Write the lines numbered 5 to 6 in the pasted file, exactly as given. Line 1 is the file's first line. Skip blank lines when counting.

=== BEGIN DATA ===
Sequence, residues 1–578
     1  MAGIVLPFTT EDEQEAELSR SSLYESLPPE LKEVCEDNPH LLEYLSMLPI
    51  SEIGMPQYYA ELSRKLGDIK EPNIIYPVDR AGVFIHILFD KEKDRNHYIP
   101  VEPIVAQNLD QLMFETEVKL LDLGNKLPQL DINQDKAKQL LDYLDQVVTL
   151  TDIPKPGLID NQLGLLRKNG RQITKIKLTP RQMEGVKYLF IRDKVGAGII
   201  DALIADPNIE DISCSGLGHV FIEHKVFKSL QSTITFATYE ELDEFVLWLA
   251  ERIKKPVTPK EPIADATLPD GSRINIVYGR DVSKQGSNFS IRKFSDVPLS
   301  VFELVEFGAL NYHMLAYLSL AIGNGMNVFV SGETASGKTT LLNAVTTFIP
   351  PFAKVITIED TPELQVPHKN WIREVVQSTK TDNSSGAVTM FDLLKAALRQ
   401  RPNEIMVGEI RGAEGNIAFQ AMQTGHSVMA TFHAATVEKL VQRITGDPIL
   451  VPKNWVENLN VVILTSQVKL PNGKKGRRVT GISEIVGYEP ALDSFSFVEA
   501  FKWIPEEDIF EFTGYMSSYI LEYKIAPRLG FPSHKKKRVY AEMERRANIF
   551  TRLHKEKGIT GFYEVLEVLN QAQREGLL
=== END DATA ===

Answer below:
   151  TDIPKPGLID NQLGLLRKNG RQITKIKLTP RQMEGVKYLF IRDKVGAGII
   201  DALIADPNIE DISCSGLGHV FIEHKVFKSL QSTITFATYE ELDEFVLWLA